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Plants of the Eloise Butler Wildflower Garden

The oldest public wildflower garden in the United States

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Common Name
Fumewort (Corydalis, Spring Fumewort)

 

Scientific Name
Corydalis solida (L.) Clairv.

 

Plant Family
Fumitory (Fumariaceae)

Garden Location
Woodland

 

Prime Season
Spring Flowering

 

 

Fumewort is a non-native perennial with short-lived purplish to pink tubular flowers on racemes raising just above the leaves, blooming in late April to early May in dappled sun before the leaf canopy of larger trees fills out. The stems branch profusely on the plant which can be from 1 to 1.5 feet high.

Leaves are pinnately divided, deeply cleft, with from one to several orders of leaflets on the stalk. the lobes usually crenate a the broad tip. Lower leaves long-stalked.

The inflorescence is a raceme held above the leaves.

Flowers are bilaterally symmetric about 1 plane. There are four petals, placed in whorls of two. The outer petals are dissimilar, each with a median keel but one extends basally with a long spur to the back. There are two inner petals that are smaller and join together at the front of the flower. Sepals are usually not present. There are six stamens grouped in two bundles of 3. They adhere to the inner surface of the spurred petal and near the stamen filament bundle is a nectar spur that is inside the outer spurred petal. The stigma of the style has a pair of lobes or whitish horns. Flower color can vary from mauve and purple to reddish and white but all on one plant will be the same. Flowers are supported in an erect position by a slender stalk, usually longer that 10 mm.

Seed: Mature flowers form elongated 2-chambered capsules of small brown seeds which are wind dispersed at maturity.

 

Habitat: The plant grows from a tuber and dies back to dormancy in late spring and should thus be considered a spring ephemeral. The plant also self-seeds. It grows best in well drained moist soils in part to full shade under the tree canopy.

Names: The genus Corydalis, is a Greek word for 'crested lark'. Here the flowers have spurs like a lark. The species, solida, is from solido, meaning to make whole, which may refer to its medicinal qualities. The author names for the plant classification are: The first to classify was 'L.' which refers to Carl Linnaeus (1707-1778), Swedish botanist and the developer of the binomial nomenclature of modern taxonomy. His work was updated by ‘Clairv.’, who is Joseph Philippe de Clairville (1742-1830), French botanist whose main research was in Switzerland. His main publication was Helvetische Entomologie. The Fumitory family also contains Dutchman's Breeches, Dicentra cucullaria.

Comparisons: Corydalis solida is distinguished from native tuberous species by the lack of sepals. Most Corydalis are distinguished by whether they are biennial or perennial and by characteristics of the flower such as color and shape of the outer and inner petals. C. solida has no sepals and flower stalks longer than 10 mm to distinguish it from native tuberous Corydalis species.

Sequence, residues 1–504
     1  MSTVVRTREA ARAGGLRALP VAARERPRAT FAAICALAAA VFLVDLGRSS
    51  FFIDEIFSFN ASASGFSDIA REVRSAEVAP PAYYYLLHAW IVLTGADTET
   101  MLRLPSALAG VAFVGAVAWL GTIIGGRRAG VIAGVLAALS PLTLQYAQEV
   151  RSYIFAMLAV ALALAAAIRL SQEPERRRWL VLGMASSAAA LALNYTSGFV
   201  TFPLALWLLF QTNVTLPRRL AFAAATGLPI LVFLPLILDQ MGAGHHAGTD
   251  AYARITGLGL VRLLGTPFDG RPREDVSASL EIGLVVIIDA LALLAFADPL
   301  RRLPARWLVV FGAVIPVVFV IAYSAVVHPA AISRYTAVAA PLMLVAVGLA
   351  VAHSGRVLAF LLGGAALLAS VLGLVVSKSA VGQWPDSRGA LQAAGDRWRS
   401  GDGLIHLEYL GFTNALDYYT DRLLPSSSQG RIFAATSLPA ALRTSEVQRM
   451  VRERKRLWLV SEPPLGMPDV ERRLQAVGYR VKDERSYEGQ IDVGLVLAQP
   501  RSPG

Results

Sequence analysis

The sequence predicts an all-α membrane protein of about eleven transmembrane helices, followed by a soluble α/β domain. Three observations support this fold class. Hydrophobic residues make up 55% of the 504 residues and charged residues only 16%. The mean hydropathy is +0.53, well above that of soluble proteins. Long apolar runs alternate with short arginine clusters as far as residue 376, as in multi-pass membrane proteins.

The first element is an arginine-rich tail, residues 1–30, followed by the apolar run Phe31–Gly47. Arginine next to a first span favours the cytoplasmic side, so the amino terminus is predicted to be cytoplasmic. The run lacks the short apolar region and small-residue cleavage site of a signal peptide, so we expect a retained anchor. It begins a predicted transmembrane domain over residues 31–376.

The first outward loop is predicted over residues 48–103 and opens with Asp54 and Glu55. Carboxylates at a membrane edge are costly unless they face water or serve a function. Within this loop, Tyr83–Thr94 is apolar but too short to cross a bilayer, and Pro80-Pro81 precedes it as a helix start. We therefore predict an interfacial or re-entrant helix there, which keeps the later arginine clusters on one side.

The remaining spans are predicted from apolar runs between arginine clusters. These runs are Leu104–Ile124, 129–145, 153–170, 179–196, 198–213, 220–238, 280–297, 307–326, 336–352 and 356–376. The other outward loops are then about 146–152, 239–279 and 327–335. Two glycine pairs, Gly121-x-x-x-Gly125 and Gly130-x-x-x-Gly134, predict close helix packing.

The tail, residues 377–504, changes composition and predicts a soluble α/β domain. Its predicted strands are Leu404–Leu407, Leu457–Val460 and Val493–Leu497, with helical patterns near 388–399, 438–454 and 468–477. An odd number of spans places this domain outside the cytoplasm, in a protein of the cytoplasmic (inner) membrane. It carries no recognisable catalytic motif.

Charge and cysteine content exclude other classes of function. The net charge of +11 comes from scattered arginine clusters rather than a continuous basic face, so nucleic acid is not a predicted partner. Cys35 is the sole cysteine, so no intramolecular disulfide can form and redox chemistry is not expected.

See bottom of page for notes on the Garden's planting history, distribution in Minnesota and North America, lore and other references.

Fumewort cluster Fumewort flower

Above: 1st photo - The flowers appear on a raceme standing above the leaves, each flower erect on a slender stalk. These flowers are more pinkish than those shown below. 2nd photo - The two outer petals enclose all the reproductive parts and the two smaller inner petals. The stamens do not protrude from the tube, the large stigma of the pistil has a pair of lobes, or horns at the tip.

Below: The coloration of this plant in the Garden is a deeper purple, some appear more pinkish as shown above.

Pale Corydalis Fumewort

Below: The pinnately divided leaves which form a dense cluster below the flower racemes.

Fumewort leaf
Fumewort
s

Notes:

Notes: Fumewort is not native to Minnesota but is usually found only in New England where it was introduced from Europe. It is a Eurasian species that is widely cultivated and sometimes escape from Gardens. This particular species is a relatively recent addition to the Garden, not present on the 1986 Garden census. At that time and previously Corydalis sempervirens was listed and that species also appeared on Martha Crone's 1951 census. She recorded planting Corydalis sempervirens in 1934 and Eloise Butler had planted it from seed as early as 1909. C. sempervirens, which is native, has a much paler flower color and usually retains its sepals. The three species of Corydalis native to Minnesota are C. aurea, Golden Corydalis, C. micrantha, Slender Fumewort, and C. sempervirens, Pale Corydalis.

Medicinal: Members of the Corydalis genus contain numerous alkaloids in the roots, which have been used in herbal medicines, in combination with other species, to calm nervousness and other similar disorders.

References and site links

References: Plant characteristics are generally from sources 1A, 32, W2, W3, W7 & W8 plus others as specifically applied. Distribution principally from W1, W2 and 28C. Planting history generally from 1, 4 & 4a. Other sources by specific reference. See Reference List for details.

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